Home > Publications . Search All . Browse All . Country . Browse PSC Pubs . PSC Report Series

PSC In The News

RSS Feed icon

Clinton's and Trump's appeal to voters viewed from perspective of Neidert and Lesthaeghe's SDT framework

Stephenson assessing in-home HIV testing and counseling for male couples

Thompson says mass incarceration causes collapse of Detroit neighborhoods

Highlights

Maggie Levenstein named director of ISR's Inter-university Consortium for Political and Social Research

Arline Geronimus receives 2016 Harold R. Johnson Diversity Service Award

PSC spring 2016 newsletter: Kristin Seefeldt, Brady West, newly funded projects, ISR Runs for Bob, and more

AAUP reports on faculty compensation by category, affiliation, and academic rank

Next Brown Bag

PSC Brown Bags
will resume fall 2016

Sale or Lease? Durable-Goods Monopoly with Network Effects

Publication Abstract

Chien, Hung-Ken, and C. Y. Cyrus Chu. 2008. "Sale or Lease? Durable-Goods Monopoly with Network Effects." Marketing Science, 27(6): 1012-1019.

This paper studies the pricing problem of a durable-goods monopolist. It finds that contrary to the existing literature, profits from selling durable goods might be higher than from leasing when the products exhibit network effects. Under the influence of network effects, there exist multiple self-fulfilling equilibria that would sustain different network sizes at the same price. By using the assumption that consumers are cautious about network growth, we find that consumption externalities among heterogeneous groups of consumers generate a discontinuous demand function, which requires a lessor to offer a low price if she wants to reach the mass market. In contrast, a seller enjoys a relative advantage in that she can build a customer base by setting a lower initial price and raise the price later in the mass market. Our finding that selling can be more pro. table than leasing holds when consumers are more cautious about the prospect of the product's success, which might be the case if, for example, the technology or manufacturer is relatively unknown.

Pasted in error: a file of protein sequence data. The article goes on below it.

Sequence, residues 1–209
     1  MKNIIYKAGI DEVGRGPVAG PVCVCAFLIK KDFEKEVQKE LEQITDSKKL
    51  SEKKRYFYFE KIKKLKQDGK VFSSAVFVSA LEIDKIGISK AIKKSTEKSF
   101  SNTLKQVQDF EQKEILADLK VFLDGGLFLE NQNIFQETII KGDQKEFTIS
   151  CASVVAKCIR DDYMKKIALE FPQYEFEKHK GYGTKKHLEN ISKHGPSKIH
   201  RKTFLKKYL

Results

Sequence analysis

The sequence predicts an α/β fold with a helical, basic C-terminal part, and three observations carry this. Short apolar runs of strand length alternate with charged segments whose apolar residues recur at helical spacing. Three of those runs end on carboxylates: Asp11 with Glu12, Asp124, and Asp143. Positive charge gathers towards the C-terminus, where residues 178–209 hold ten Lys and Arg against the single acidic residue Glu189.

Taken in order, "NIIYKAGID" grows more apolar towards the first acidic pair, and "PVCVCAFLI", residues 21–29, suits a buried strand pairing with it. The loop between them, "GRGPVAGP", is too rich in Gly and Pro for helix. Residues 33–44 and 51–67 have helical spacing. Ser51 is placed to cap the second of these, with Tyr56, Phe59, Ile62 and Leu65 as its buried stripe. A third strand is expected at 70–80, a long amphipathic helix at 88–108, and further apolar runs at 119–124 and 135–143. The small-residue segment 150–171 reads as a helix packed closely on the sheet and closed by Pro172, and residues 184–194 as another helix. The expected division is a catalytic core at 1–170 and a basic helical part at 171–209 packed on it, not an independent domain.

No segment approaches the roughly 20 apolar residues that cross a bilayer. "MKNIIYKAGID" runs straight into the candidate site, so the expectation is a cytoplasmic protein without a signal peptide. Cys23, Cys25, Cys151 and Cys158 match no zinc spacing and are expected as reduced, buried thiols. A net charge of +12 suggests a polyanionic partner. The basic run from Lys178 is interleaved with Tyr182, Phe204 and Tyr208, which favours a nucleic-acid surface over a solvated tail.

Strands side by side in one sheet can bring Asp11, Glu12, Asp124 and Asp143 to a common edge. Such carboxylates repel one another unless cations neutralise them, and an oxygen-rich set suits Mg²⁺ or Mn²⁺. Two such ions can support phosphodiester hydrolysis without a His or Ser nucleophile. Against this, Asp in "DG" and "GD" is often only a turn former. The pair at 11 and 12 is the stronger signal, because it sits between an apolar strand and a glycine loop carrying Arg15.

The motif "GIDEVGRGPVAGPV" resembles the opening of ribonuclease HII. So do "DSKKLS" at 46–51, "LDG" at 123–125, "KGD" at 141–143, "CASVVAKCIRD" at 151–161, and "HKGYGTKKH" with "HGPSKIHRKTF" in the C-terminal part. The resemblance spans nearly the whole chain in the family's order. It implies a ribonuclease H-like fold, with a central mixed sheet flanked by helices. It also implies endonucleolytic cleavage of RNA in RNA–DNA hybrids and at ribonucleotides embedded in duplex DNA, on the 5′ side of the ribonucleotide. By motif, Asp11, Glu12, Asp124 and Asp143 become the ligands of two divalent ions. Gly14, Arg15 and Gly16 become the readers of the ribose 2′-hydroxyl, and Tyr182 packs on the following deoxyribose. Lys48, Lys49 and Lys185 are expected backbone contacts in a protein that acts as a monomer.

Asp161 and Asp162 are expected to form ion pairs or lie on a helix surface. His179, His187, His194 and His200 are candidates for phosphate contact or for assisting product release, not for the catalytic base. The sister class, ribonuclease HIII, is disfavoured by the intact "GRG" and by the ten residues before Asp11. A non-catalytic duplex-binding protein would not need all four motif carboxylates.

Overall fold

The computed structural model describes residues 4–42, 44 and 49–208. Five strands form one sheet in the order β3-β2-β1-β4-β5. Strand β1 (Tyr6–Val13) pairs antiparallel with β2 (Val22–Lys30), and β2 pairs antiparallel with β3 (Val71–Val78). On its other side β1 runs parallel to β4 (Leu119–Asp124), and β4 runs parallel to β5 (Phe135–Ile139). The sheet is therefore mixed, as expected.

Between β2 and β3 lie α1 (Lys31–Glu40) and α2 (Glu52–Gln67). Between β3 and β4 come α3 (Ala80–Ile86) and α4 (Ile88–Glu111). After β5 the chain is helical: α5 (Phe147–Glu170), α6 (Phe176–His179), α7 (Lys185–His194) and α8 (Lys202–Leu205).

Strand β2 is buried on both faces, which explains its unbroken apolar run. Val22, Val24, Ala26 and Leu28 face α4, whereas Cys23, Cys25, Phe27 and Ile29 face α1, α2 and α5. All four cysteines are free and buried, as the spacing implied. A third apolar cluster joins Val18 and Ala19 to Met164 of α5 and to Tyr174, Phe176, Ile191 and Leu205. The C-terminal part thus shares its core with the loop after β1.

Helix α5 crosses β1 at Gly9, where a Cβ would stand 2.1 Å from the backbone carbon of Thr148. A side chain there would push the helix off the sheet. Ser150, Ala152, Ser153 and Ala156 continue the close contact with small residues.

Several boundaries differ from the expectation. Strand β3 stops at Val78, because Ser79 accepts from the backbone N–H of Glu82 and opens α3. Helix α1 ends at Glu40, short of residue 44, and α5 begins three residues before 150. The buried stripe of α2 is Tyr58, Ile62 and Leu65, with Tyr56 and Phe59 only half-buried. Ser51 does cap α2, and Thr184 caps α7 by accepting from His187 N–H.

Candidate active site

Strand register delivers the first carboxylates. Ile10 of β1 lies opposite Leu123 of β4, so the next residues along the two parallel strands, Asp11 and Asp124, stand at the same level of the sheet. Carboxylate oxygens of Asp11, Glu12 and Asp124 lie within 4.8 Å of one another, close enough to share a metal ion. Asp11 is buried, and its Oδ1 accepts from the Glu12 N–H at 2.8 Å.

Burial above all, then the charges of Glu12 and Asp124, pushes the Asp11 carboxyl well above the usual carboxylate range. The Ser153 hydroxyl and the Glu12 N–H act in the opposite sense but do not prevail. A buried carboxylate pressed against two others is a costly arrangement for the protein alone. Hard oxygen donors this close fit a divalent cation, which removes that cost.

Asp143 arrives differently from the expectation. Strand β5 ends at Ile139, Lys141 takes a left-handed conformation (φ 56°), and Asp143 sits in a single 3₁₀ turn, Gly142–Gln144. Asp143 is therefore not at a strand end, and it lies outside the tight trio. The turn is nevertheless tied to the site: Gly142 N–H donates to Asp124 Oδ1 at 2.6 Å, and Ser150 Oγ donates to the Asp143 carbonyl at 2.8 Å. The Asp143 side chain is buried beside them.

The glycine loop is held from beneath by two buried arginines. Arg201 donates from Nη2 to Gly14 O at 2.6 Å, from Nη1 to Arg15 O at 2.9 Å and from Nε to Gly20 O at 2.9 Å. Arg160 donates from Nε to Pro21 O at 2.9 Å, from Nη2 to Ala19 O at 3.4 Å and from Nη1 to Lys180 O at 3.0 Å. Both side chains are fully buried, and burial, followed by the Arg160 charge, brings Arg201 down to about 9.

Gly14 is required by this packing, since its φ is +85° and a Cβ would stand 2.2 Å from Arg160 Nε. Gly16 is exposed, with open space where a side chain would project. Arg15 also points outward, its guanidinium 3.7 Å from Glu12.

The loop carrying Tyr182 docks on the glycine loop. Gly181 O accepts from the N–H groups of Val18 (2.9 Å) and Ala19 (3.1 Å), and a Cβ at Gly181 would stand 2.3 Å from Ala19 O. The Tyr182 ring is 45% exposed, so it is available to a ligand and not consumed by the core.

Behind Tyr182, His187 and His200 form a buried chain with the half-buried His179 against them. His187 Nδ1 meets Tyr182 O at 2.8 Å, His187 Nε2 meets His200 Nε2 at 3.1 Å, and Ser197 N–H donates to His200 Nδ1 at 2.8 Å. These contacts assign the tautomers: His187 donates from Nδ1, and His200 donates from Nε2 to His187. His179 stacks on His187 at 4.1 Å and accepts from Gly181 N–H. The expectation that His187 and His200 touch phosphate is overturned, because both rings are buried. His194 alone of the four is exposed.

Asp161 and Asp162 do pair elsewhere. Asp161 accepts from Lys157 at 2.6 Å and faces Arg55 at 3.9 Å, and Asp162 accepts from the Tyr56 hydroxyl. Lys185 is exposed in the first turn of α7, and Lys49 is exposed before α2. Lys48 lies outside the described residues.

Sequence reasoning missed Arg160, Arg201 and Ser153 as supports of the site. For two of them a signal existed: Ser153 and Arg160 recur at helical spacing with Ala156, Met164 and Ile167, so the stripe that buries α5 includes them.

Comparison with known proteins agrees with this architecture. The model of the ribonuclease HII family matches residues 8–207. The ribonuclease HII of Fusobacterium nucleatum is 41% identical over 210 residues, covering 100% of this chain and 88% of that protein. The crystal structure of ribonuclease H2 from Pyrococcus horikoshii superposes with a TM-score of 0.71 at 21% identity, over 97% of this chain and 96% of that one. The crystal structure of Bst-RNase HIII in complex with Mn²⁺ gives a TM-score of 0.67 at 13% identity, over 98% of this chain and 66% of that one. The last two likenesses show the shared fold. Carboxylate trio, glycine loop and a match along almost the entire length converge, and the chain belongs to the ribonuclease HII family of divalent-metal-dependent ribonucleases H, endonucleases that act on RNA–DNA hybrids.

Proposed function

DOI:10.1287/mksc.1070.0356 (Full Text)

Browse | Search : All Pubs | Next